Some vegetable oils contain naturally occurring specialized functional groups, such as epoxy and hydroxyl groups, which make them candidates for cross-linking with various chemical cross-linkers, to form polymeric networks. Castor oil and lesquerella oil (also called pop weed) contain hydroxyl groups in addition to double bonds. Veronia oil contains naturally occurring epoxide functional groups. The structures of the dominant fatty acids of castor, lesquerella, and veronia are shown in Figure 6. Triacylglycerides of ricinoleic and lesquerellic acid both contain three hydroxyl functional groups, and are therefore referred to as triols. The presence of these hydroxyl groups permits cross-linking with such chemical cross-linkers as sebacic acid to form polyesters, or with diisocyanates to form polyurethanes. The epoxide functional group in veronia oil is typically cross-linked with such dibasic acids as sebacic acid, to form crosslinked polyesters. These groups can also be reacted with various acrylic acids in the presence of a tertiary amine, to create a variety of acrylates, the resulting ester being highly UV active, and therefore easily polymerized through acrylate vinyl moieties.


In cases where hydroxyl and epoxide functionality do not naturally exist, but are desired, these functional groups can be created by exploiting the existence of double bond functionality. The double bonds can easily be epoxidized, and if hydroxyl groups are required, the epoxidation procedure is usually followed by alcoholysis to form the polyols. Alternatively, the double bonds can be first converted to aldehydes by hydroformylation with either rhodium or cobalt as the catalyst, followed by hydrogenation to hydroxyl groups by hydrogenation with nickel. An example of the double bonds in a soybean oil triacylglyceride being converted to hydroxyl groups is shown in Figure 7.


Research underway

Research conducted at the University of Alberta has produced a number of elastomer and flexible, semi-rigid and rigid foams from canola and flaxseed oils. This research was performed by the Alberta BioPlastics Network ,and significant efforts are currently underway to commercialize the technology that has been created.
Table 1

Resin Millions of tonnes
 sold in 2001

PP (Polypropylene) 7.5

PVC (Polyvinyl Chloride) 6.7

HDPE (High Density Polyethylene) 5.1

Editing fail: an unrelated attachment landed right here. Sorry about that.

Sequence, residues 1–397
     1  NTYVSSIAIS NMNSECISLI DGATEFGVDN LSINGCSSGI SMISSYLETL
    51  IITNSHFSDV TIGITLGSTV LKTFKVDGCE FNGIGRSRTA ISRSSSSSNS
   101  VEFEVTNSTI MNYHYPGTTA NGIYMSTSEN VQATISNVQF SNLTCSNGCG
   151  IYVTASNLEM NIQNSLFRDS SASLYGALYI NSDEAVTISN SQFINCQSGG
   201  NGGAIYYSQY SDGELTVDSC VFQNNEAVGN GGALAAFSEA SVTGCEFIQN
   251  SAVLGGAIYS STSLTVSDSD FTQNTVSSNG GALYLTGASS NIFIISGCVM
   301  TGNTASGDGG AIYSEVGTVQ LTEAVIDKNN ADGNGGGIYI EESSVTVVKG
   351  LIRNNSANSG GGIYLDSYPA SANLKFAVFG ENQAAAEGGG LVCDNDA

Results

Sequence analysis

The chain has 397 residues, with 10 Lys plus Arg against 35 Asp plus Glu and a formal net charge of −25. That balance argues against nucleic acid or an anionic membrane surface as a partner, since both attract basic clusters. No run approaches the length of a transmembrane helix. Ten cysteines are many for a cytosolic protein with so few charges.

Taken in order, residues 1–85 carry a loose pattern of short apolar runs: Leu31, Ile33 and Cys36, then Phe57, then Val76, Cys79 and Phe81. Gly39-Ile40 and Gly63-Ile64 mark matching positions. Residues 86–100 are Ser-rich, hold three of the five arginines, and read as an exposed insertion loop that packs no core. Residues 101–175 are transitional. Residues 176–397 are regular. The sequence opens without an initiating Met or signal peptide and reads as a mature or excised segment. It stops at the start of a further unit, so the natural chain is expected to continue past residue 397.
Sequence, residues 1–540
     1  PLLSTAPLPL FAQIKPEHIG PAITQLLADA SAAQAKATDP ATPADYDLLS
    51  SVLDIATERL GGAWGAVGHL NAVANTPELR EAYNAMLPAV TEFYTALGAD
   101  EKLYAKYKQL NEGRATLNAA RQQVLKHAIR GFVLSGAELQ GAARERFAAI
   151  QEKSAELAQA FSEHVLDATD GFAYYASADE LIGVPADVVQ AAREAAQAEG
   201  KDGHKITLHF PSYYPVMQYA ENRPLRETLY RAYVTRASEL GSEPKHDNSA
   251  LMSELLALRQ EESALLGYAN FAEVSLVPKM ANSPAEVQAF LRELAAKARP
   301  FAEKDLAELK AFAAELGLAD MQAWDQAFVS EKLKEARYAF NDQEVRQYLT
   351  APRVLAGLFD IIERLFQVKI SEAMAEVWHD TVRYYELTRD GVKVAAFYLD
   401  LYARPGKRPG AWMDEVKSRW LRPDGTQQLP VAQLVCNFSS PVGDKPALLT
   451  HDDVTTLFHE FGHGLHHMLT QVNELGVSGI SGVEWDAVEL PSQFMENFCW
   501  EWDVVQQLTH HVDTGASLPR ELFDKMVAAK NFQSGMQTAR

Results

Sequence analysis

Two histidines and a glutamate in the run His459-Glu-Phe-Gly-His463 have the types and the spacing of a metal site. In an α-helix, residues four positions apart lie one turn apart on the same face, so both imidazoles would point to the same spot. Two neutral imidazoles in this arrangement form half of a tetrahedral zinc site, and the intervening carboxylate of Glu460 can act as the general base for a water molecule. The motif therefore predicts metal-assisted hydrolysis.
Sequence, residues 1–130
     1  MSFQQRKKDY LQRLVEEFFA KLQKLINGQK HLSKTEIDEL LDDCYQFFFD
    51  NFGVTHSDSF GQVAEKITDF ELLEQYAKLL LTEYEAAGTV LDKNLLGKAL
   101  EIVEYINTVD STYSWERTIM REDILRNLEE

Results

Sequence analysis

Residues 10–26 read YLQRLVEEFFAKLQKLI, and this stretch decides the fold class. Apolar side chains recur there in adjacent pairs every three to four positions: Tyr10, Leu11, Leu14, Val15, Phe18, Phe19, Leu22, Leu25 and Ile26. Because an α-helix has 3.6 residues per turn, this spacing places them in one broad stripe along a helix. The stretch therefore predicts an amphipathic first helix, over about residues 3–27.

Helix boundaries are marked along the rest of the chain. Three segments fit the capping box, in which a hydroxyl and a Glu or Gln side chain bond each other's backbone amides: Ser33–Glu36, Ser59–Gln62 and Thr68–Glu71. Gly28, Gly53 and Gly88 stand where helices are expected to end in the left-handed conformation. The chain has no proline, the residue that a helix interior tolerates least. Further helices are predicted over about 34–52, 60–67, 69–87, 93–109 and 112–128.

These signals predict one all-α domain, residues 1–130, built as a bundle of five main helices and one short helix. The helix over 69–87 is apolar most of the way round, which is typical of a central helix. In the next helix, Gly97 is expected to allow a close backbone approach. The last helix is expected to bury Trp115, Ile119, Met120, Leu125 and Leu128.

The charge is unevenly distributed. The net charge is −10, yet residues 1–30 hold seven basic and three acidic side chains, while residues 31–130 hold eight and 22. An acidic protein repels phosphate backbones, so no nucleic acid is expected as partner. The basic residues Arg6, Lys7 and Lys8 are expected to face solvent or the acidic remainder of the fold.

LLPDE (Linear Low Density Polyethylene) 4.9

LDPE (Low Density Polyethylene) 3.5

Total Thermosets: 3.4

Thermoplastic Polyester 3.2

Other Styrenics, Nylon, Polysuphone 4.4

All others (includes polyurethanes, 5.8
polyols, isocyanates)

Total 44.6


The author would like to thank AVAC Ltd., the Alberta Crop Industry Development Fund, the Alberta Agricultural Research Institute, the Agriculture and Food Council, the Alberta Canola Producers Commission, and NSERC, for financial support for the Alberta BioPlastics Network's research into vegetable oil based plastics. Peter Sporns' assistance in creating the chemical structures and in proofreading this manuscript is also gratefully acknowledged.


Market Opportunity Summary, Soy-based Plastics, February 2000, United Soybean Board.

Lynn Crandall, Bioplastics: A burgeoning industry, Inform, 13, 626-628, 2003.

"Biodegradable Polymers from BASF," a presentation on November 29, 2002, by Scherzer, Freyer, and Kunkel, BASF Plant, Mannheim, Germany.

Assessment of Western oilseeds as a feedstock for a bioplastics industry, Jerry Bouma, Alberta BioPlastics Network, May 2003.

Dharma Kodali, Biobased Lubricants, Inform, 14, 121-123, 2003

L.H. Sperling and J.H. Manson, J. Am. Oil Chem. Soc., 60, 1887-1892 (1983).

L.W. Barrett, G.S. Ferguson and L.H. Sperling, J. PoIym. Sci. (Polyrn. Chem.), 31, 1287-1299, 1993.

L.W. Barrett, O.L. Shaffer, and L.H. Sperling, J. Appl. Polym. Sci., 48, 953-968, 1993.

L.W. Barrett and L.H. Sperling, Polym. Eng. Sci., 33,913-922, 1993.

Z.S. Petrovic, A. Guo and I. Javni, U.S. Pat. 6,107,433, August 22, 2000.

A.Guo, Y. Cho, and Z. S. Petrovic, J. Polym. Sci. (PoIym. Chem.), 38, 3900-3910, 2000.

A.Guo, I. Javni, and Z. Petrovic, J. Appl. Polym. Sci., 77,467-473, 2000.

To learn more about Dupont's plans to utilize non-depletable resources, visit the discussion entitled, "Sustainability and Integrated Science for the 21st Century" at corp/index.jsp?page = /content/US/en_US/ news/releases/2003/nr02_17_03.html.

The Alberta BioPlastics Network (ABN) is a multi-institutional research network. Its mandate is to engage in activties to promote the use of Alberta's agricultural commodities as feedstock for the production of specialty chemicals and polymers, and significant efforts are currently underway to commercialize the technology that has been created.

The institutions that participate in the ABN are:

University of Alberta

Alberta Agriculture, Food and Rural Development

Alberta Research Council

Agriculture and Agri-Food Canada

Alberta Economic Development Environment Canada

Alberta Canola Producers Commission

For a full list of the members of the network, or for additional information, please contact business manager Rekha Singh at the Alberta Bioplastics Network, 410 Agriculture Forestry Centre, Agri-Food Materials Science Centre, University of Alberta. Edmonton, AB T6G 2P5. Or call 780-492-9081, or

Suresh S. Narine of the University of Alberta is the director of the Alberta Bioplastics Network and chair of the Fundamental Science focus area.
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Comment:Seeds of change: the growing trend of producing biodegradable polymers from oilseed crops.
Author:Narine, Suresh S.
Publication:Canadian Chemical News
Geographic Code:1CANA
Date:Jan 1, 2004